Designs may change, but a reputation for making safe cars isn’t something you’d want overshadowed. Unique safety features include blind spot detection with cross traffic alert, lane keeping aid, dynamic LED headlights that turn as the steering does, all-round parking sensors, an action cam quality 360-degree camera and radar guided cruise control. Of course, front, side and curtain airbags along with anti-lock brakes, stability and traction control also come as standard.
What really stands out here is the XC60’s ride and NVH levels. The engine is vocal outside but inside the cabin, this could pass off for a petrol. In regular conditions, there’s barely any noise that enters the cabin save for some road noise that’s easily drowned if you have the radio running.
The ride quality is cushy too and typical of most air suspensions; it gets a bit floaty at speed. Specifically in Comfort mode, there’s definitely a great deal of body roll and the steering isn’t particularly communicative either. But there are no unpleasant surprises to be had. Swap to Dynamic mode and the mannerisms change significantly. It becomes almost sedan-like with the ride stiffening up for improved stability. That does, however, make the ride juddery over rough patches and even rumble strips will send in a good lot of vibrations your way. The drive modes affect the powertrain, suspension, brakes and steering, and each can be tweaked separately using the Individual mode. That said, no matter what mode you choose, you will want for sharper bite from the brakes.
With 235PS and 480Nm on tap from the 2.0-litre 4-cylinder motor, the XC60 is one of the most powerful diesels in the segment. But numbers don’t tell the whole picture. In reality, it’s quite a relaxed motor to drive and even when you push it as hard as you want, it offers no thrills. Also, while all wheel drive does come as standard, it’s mean to deal with a touch of snow, sand or gravel, nothing more.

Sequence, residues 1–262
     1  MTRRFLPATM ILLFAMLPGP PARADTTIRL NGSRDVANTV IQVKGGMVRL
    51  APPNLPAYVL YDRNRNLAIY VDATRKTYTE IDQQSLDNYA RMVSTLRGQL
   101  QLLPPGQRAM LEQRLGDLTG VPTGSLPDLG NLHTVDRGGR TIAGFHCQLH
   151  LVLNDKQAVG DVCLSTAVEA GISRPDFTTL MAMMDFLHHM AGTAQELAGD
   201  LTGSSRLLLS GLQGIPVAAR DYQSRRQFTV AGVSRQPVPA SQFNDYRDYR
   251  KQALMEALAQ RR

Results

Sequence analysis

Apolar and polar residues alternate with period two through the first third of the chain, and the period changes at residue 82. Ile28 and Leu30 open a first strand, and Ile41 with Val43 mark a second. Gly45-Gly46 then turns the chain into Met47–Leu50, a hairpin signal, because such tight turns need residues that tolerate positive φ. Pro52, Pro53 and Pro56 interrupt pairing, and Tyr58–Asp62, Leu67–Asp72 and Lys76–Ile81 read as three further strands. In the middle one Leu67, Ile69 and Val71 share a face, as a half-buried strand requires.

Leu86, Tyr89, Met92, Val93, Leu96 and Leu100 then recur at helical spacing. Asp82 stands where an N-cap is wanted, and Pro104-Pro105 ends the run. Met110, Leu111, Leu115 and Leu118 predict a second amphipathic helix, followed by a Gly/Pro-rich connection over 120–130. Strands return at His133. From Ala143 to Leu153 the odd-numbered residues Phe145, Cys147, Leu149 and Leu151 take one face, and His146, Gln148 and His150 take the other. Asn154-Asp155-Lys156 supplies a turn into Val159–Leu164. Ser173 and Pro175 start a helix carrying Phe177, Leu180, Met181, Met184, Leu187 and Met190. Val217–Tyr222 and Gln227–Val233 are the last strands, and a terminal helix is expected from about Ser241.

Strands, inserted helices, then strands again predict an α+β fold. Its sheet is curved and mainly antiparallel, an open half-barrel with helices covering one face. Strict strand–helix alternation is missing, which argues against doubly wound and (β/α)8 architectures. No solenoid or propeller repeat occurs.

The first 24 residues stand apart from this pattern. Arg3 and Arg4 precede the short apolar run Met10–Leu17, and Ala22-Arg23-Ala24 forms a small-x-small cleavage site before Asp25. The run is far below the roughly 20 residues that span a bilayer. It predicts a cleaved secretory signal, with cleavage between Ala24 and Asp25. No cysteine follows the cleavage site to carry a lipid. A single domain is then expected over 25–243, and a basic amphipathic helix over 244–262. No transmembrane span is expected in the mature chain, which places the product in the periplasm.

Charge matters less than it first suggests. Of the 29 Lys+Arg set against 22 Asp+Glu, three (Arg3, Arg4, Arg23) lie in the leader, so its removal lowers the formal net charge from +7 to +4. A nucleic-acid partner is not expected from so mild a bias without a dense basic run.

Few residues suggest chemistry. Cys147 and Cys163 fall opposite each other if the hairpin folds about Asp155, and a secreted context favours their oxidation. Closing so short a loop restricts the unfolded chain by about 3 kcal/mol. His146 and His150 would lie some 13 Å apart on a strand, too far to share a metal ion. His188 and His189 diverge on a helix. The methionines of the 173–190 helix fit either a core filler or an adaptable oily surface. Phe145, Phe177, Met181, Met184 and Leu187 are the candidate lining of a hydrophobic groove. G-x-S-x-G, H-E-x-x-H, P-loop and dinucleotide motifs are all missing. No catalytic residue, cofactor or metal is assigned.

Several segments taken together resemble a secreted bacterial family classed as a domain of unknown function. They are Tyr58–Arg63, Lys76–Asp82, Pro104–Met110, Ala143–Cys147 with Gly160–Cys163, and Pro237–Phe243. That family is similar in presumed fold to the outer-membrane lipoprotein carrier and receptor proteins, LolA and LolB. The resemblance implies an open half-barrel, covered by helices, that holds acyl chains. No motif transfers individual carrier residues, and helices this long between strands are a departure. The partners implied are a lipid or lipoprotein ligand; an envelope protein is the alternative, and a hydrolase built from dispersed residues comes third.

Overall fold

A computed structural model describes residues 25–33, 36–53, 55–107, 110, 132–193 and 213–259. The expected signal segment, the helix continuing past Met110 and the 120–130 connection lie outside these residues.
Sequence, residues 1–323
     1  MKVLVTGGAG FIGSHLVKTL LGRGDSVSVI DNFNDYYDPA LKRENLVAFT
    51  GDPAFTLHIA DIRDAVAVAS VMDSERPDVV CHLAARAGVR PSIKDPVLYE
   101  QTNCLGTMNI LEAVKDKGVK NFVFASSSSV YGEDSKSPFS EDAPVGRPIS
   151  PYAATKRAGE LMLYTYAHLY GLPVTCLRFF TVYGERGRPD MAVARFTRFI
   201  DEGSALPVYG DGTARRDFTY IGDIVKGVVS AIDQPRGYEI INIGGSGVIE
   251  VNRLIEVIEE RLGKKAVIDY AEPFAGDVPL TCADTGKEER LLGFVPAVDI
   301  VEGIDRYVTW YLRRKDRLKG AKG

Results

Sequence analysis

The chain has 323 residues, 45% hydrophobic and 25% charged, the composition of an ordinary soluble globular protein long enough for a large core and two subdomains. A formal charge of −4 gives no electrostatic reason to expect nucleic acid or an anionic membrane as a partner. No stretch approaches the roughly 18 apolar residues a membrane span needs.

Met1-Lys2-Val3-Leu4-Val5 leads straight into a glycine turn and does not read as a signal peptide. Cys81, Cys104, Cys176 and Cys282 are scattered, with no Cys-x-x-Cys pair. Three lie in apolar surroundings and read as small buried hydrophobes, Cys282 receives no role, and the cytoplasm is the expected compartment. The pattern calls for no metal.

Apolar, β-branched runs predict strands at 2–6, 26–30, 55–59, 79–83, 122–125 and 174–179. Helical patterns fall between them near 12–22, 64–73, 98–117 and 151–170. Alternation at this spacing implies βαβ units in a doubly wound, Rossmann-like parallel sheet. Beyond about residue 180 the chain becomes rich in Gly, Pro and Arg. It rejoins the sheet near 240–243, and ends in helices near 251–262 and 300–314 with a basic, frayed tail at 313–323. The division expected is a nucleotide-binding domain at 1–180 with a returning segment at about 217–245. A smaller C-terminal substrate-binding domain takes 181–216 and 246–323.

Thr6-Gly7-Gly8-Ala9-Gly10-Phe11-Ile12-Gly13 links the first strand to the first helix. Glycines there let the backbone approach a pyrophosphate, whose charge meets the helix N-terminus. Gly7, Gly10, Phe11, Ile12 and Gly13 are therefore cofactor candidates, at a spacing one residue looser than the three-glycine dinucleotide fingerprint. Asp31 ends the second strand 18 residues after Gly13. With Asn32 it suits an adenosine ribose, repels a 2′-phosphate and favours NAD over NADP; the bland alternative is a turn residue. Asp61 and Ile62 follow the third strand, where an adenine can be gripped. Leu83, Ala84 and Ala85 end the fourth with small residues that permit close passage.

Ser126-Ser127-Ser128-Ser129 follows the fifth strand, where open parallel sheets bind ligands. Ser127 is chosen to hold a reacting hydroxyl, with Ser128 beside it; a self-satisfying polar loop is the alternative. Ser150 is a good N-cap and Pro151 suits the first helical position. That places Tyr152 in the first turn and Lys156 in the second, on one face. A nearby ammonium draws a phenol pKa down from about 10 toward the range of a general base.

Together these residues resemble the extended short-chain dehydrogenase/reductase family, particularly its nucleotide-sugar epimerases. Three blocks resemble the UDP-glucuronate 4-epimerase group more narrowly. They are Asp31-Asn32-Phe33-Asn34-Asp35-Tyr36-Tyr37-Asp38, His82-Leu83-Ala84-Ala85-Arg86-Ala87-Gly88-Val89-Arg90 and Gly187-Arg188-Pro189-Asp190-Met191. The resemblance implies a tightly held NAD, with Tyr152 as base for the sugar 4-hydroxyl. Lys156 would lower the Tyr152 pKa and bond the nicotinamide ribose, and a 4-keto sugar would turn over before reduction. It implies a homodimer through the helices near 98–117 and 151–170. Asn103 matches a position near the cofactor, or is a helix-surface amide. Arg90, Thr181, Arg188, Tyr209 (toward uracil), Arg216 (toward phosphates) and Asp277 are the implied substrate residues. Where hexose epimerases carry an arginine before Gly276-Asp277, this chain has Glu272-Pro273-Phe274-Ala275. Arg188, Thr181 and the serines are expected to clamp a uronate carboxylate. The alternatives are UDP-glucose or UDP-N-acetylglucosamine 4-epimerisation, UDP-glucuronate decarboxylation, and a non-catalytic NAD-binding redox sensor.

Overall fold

On the drive front, it does exactly what you’d need, nothing more. Throttle response is quick and there’s no perceivable lag, so it’s quite a balanced SUV to amble about in. The engine is happiest around 2,200-3,000rpm and it’ll manage long distance cruising easily too while sitting happily north of 100kmph all day long.
The 8-speed torque converter AISIN gearbox offers smooth shifts too, though, it compares more with Mercedes’ autobox than a DSG. It’s not that it’s slow, but sometimes, especially during high speed overtakes, you do wish it was quicker, even when you use the steering paddles. Another annoyance is shifting the drive selector lever, whether slotting it into drive or using it in tiptronic mode, feels a bit rough and needs more effort than we’d have liked.
This could possibly be the XC60’s primary deal maker because it is quite the looker. But more importantly even with those signature Thor’s Hammer DRLs and that trademark Volvo tail light design, you won’t confuse this with an XC90. The sleeker stance and D pillar kink, that’s a throwback to its predecessor, complement the smaller footprint to give the car an identity of its own.
The 19-inch wheels add some serious presence, but manage to grab attention without being flashy. And even with up to 223mm of unladen ground clearance, the XC60 doesn’t look like a tall boy SUV. In fact, it’s 11mm wider, 44mm longer and 14mm shorter in height than its predecessor, adding to that athletic stance.
The all-new XC60 is a very important car for Volvo India, since the last one accounted for 30 per cent of their sales. This new version is truly a step up in every manner and its package is strong enough to threaten every one of its segment rivals.
The kind of equipment it offers is extensive, with several unique elements adding to the sense of exclusivity. However, if you want a sporty SUV, look elsewhere. If you want an off-roader, look elsewhere. But as far as midsize luxury SUVs go, there’s little other reason to ignore Volvo’s new XC. It does almost everything you’d need while not just aping its more established segment stablemates. And at an expected price of around Rs 55 lakh, it’ll deliver good value, considering everything here is standard kit.